Those early birds among you exchanging prized hard earned tender of the realm for copies of Cranium Pie’s weird haired opus ‘mechanisms (part 2)’ may well have found tucked inside your parcel a freebie copy of ‘strange fruit and veg’. Typified by the kind of bespoke care and attention we’ve come to expect and adore from fruits de mer, ‘strange fruit and veg’ is a gathering of 18 specially selected covers re-tweaked, rebranded and reframed, a host of forgotten nuggets affectionately reclaimed and rescued from pop’s lost corners by the celebrated mass ranks of FdM regulars along with some recent adoptees to the imprints ever growing extended family. The CD, as ever with these freebie adventures is ultra-limited and comes with its own table menu, the sounds within as always – guaranteed to flip wigs and redecorate your listening space in all manner of kaleidoscopically progressiveness that may depending on the serving induce beard growth or skinny jeaned floppy fringeness or both should the fancy take it. Now elsewhere in these hastily scribbled wordy things you might recall us having previously paid special attention to Schizo Fun Addict’s re-take of the Sorrows’ ‘take a heart’ (incidentally as cool as **** and sexy with it) – therefore one down seventeen to go. Crystal Jacqueline open matters with the vibrantly effervescent ‘all over the world’ – originally by Strange Fruit and here found shimmered in all manner mystical mirages and head spinning cosmicalic jubilance while topos locos opt for a spot of late 60’s strut grooved uber psych grooving for their re-enactment of big bird and the steam shovel’s wiry ‘what’s happening at the psychiatrist’. I’m certain we’ve mentioned Claudio Cataldi’s smoking cool bliss kissed cover of ‘here she comes now’ – this ‘un hazily glazed in fuzzed arabesque snake charms which in truth aren’t a million miles from the kind of mellowed mirages crafted by Cheval Sombre. Next up to the plate Trojan Horse’s utterly adorable lolloping lilt parading through ‘Ohio’ really has to be heard to be appreciated distilled as it in the finest prairie reclined moonshine mosaics whilst somewhere else we must admit to being mildly fond of ZX+ and their tripped out version of ‘she’s a rainbow’ here radiating a frazzled and acid fried intoxica fused with the finest essences of grade A English psychedelia. And so to the curiously named mauve la biche featuring Cary Grace who if I recall rightly last appeared in these pages courtesy of an appearance on that pre Xmas Floyd freak out – enough of that here they are doing all manner of woozily cosmic freakiness to Amon Duul II’s ‘archangel thunderbird’ and emerging out of the other side like an astral riding Rush – which before you all start issuing forth letters of complaint threatening various offers to remove limbs – is no bad thing. Now among the rock / pop great pantheon there are cornerstones – which – well how can I put this bluntly – are untouchable and are always guaranteed to end in tears if you fail to heed the warning. Bo Diddley’s ‘who do you love’ is one such ground zero moment, Juicy Lucy got away with it, so when the Crawlin Hex reared their collective heads above the parapet there was a momentary intake of breath and a slight feeling of unease. Needn’t have worried for these dudes apply some nifty voodoo grooving to their treatment which the dearly departed Lux Interior would have purred not least because it swamp drags the kind of mutant blues rock-a-hula that was the trademark of the Cramps though here found casting bad juju spells in an after-hours studio soiree with Mojo Nixon. Much admired around these here parts Jay Tausig goes all interstellar cosmic overlord for his version of Motorhead’s landmark ‘ace of spades’ and emerges t’other side of the lunar eclipse equipping it with a what if imagining of how it would sound in the hands of Lemmy’s former charges Hawkwind. And talking of Hawkwind….ah aural alchemists Vert:x have upon previous visitations to these pages been known to trip minds with their brand of musical hallucinogenia and ‘circles’ proves no exception, a krautian white out rippled in reality altering swirls which frankly in short all you need to know is that it has the head expanding side effects of a cosmic chemistry set. Now who would have thought 25 years ago that the purveyors of shroomed out weird ear chemical trance would later in life be mainlining t-rex into their shape shifting sonic tapestry, long adored around here Magic Mushroom Band go all prog majestic for what can only be described as a totally unexpected growl gouged big boots and big hair stomper surfacing as their brief but blistered groove call ‘kings of the rumbling spires’ while Todd Dillingham does a pretty out there and shit faced take of ‘hey Joe’ which ought to send re-collective tremors among those around first time of asking when the Butthole Surfers went rummaging through Donovan’s back catalogue. Not being the greatest fans of the Beatles, there’s always an air of ‘must we’ when one of their sort makes the occasional appearance on a compilation, and so on this occasion the honour goes to Rob Gould, stand up take a bow why don’t you sir for his version of ‘tomorrow never knows’ – admittedly one of the better moments from the mop top musical carousel – is a gloriously bonged out happening replete with hazy haloes of hypno grooved eastern drones which unless our ears do deceive slyly circle the kind of way out wooziness that a certain Mr Boom encapsulated in his Spectrum guise. We suggest you kick back a spell, clear your headspace of all the to do jumble of modern day life and simply let yourself go for the sumptuous six minute astral ride that is Vostok’s ‘Drome’ – one of three cuts on this compilation that are not covers at all, this babe in particular imagining some blissed out studio campfire summit visited upon by a seriously mellowed flying saucer attack and roy Montgomery. Award for best moment of the set skinning both the Schizo’s and Cataldi just is the green telescope’s frazzled freakbeat re-reading of ‘I’m a living sickness’ a darkly haunting slab of sparsely gouged groove dragged from the shadowy recesses of a mind warped by loss and rejection and no doubt copious amount of chemical additives the type of which you’d be hard pushed to find readily available at the local pharmacy counter, anyhow this cool dude comes curdled in a primitive framing of shimmering reverbs and a vintage garage beat hollowing. Now for the obligatory apologies corner, this time it’s the turn of the blue giant zeta puppies who a little while back sent over a physical copy of a download only EP that they are currently collectively sporting and which will be getting due care and attention in a day or two – so sorry lads for the oversight. For now here they appear here doing a pretty neat and smoking Link-esque slab of twanged out psychotropic futurama grooved in all manner of TV21 styled sci-fi-riffic swirls and mind warps which all said should appeal to those much missing of Man…or Astro Man. Wrapping up the set something a little schizoid and special with it. There’s always been a keenly tuned affection here for the squillions of cover versions of Barrett’s ‘vegetable man’ that have come our way over the years, of course the most noted being the Soft Boys, however that said the previously unknown to us mystery crystals come close to stealing the vote for their perilous step in to the light sucking psychosis cloud amasses and descends overloading the senses to fracture your headspace in the kind nightmarish trip from reality that one fears many space cadets will not return and if they do they’ll be frazzled imitations of their former selves. It’s no wonder that the other track featured on the set that isn’t a cover at all but the A side to an ultra-limited 7 inch by the Telephones, their debut as it happens which those of you who keep abreast of Keith FdM’s facebook postings will be all too aware he’s been raving about and no wonder because this sly eyed mellow toned gem stone is succulently dimpled in the kind of laid back groove that attached to the Soft Parade’s ‘nobody told you anything’ albeit as though here impishly recalibrated by a gathering ensemble made up of members of Stairs and the Wicked Whispers and then smokily draped upon a deliriously chilled and hypnotic Eastern piping. Drop dead gorgeous if you ask me which reminds me we’ve happened across a moving picture show of it – anyhow its out via heavy soul and backed by the spiffing ‘Amsterdam’.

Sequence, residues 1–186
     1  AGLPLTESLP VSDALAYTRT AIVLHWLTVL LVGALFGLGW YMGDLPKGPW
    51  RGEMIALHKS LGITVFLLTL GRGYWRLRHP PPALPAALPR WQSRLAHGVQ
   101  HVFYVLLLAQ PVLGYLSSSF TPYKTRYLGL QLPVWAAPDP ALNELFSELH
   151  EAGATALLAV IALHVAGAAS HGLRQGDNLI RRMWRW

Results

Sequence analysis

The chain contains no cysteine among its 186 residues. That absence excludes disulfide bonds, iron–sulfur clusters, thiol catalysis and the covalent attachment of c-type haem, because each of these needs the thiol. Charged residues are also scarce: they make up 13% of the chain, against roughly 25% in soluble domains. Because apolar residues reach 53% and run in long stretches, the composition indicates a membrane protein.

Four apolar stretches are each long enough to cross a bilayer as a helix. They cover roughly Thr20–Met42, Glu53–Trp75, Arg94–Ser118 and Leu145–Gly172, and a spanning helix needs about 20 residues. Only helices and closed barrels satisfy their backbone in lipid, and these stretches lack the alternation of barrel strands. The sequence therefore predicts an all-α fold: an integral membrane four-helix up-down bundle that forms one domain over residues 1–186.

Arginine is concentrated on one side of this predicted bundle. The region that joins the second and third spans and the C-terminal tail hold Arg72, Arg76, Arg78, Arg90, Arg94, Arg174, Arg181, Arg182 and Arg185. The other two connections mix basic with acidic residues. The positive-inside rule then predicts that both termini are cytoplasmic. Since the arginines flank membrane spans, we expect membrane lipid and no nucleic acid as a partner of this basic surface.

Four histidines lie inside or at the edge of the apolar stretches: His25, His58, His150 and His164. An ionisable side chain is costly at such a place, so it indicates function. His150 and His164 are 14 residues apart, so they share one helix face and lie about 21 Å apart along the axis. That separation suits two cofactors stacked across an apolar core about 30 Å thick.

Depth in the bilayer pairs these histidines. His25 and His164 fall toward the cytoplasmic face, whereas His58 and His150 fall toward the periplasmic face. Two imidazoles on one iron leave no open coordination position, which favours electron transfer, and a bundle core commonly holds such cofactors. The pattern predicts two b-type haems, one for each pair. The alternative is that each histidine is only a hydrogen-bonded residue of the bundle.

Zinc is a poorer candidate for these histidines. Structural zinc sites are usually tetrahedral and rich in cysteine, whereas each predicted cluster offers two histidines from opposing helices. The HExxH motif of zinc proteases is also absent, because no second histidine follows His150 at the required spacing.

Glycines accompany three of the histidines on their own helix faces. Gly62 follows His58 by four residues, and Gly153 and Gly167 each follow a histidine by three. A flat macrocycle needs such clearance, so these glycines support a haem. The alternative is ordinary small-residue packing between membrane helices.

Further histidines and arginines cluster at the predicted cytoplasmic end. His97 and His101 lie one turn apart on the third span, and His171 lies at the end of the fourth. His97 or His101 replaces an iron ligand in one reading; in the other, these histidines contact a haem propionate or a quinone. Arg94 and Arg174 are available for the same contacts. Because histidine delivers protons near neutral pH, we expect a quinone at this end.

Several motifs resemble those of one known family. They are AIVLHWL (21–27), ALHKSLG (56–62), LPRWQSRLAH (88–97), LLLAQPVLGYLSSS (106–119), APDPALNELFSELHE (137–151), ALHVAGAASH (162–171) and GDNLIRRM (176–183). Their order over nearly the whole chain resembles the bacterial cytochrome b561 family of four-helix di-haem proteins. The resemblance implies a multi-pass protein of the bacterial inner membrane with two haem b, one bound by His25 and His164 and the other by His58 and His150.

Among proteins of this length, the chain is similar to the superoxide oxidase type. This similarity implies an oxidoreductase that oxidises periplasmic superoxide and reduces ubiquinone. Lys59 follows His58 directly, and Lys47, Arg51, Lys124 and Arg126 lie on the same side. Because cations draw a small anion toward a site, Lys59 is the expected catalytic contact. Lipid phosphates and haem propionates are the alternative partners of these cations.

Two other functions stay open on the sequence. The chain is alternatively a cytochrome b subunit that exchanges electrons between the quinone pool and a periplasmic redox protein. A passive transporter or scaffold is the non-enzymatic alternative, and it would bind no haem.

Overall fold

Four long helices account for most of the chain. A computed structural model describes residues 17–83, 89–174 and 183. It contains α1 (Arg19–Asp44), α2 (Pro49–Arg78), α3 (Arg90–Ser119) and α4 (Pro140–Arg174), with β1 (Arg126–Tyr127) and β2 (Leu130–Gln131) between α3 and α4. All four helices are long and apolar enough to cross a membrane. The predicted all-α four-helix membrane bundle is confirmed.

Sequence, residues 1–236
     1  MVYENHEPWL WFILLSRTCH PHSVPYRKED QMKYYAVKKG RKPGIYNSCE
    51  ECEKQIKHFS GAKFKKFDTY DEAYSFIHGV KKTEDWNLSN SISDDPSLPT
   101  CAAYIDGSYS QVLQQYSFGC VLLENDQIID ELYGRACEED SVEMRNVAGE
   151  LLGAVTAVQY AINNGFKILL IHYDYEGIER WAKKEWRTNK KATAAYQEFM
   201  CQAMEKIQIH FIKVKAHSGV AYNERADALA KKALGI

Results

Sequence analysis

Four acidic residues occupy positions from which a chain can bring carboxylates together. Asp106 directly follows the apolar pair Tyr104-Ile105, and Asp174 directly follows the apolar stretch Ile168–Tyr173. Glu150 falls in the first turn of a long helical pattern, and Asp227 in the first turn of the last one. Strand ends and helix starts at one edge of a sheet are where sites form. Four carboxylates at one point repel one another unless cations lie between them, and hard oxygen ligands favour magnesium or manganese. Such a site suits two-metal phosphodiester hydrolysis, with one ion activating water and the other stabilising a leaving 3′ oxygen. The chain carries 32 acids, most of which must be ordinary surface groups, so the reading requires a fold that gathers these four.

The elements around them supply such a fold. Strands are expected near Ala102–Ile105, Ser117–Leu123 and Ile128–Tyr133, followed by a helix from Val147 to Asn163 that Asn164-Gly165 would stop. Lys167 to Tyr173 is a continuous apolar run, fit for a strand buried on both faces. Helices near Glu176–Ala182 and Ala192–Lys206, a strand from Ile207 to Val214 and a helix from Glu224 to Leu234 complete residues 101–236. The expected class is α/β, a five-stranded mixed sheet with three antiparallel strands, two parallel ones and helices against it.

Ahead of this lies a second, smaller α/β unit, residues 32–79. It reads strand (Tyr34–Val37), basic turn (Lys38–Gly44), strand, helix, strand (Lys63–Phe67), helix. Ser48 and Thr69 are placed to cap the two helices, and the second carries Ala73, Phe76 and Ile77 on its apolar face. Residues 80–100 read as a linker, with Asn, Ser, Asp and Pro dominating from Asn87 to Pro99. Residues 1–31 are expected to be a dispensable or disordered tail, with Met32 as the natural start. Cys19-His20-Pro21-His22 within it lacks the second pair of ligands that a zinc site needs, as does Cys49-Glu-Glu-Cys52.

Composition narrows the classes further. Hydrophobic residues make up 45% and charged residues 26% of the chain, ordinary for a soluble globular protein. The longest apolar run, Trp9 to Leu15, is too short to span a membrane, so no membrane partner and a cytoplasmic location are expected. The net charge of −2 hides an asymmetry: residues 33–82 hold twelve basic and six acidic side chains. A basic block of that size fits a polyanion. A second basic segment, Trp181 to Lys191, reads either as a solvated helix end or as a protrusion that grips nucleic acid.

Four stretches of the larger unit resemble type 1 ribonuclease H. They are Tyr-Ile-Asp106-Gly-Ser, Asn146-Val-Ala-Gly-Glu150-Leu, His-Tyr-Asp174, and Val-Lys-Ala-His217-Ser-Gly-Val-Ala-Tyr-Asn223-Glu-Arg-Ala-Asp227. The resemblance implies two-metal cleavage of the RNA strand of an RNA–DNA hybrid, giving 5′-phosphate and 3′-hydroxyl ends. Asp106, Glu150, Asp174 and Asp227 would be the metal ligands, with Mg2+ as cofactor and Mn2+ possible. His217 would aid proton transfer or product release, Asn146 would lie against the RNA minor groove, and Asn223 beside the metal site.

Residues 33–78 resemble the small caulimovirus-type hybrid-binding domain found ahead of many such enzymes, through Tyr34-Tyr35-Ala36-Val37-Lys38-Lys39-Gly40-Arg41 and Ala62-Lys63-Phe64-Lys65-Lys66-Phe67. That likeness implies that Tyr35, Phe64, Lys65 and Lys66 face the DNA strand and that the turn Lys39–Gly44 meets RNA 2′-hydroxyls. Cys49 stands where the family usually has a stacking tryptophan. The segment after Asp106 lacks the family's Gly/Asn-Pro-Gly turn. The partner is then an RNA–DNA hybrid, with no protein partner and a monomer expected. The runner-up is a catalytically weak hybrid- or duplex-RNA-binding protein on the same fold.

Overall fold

And still with Fruits de Mer, it seems their planned label double heading Games for May extravaganza with mega dodo will be graced by two ultra-limited 7 inch releases exclusively available at the event (along with that previously mentioned Games for May 5 track 7 inch – a review of which you’ll find tagged at the end of this mention) – these being the long touted ‘momentary one’ and ‘momentary two’ outings. Only 300 of these babies of which 100 are being shared out among the artists involved with the remaining 200 up for grabs on attendance to this spring filled psyche soiree. All seven tracks featured on these two slabs of vinyl previously appeared on last year’s well received and much adored around here club members double disc freebie set ‘a momentary lapse of vinyl’ – an exhaustive feast that paid tribute to Barrett / Floyd. The selective criteria for these two volumes was it appears to prise together those tracks more readily associated and penned during the pre ‘Dark Side’ phase from a time when psychedelic pied piper Syd set the controls, the first of the two volumes gathering a femme fronted trio of beguiling delights. Ilona V opens proceedings with the quite sublime ‘golden hair’ – brief as it may first appear its ghost like presence is possessed of enough frail ethereal beauty to have the hardiest of souls standing jaw dropped and attentively adoring, its mistily emerged sparse ice draped stilled sereneness echoing the minimalist spell craft of Nico. What Crystal Jacqueline (album review coming incidentally) does with ‘grantchester meadows’ is surely the stuff of ancient spell books, a melodic mysterio shimmered in mystical murmurs and draped in fairy tale follies and arcane legends all beautifully entranced in dream weaved psych folk mirages. Rounding out matters to the groove end, Cary Grace’s ‘cirrus minor’ is beyond bewitchment, siren-esque whispers tremble and tease amid a wood crafted willowyness of bird song and petrified pastorals before ascending into astral pastures wherein a master class of bliss kissed overtures seduce and serenade.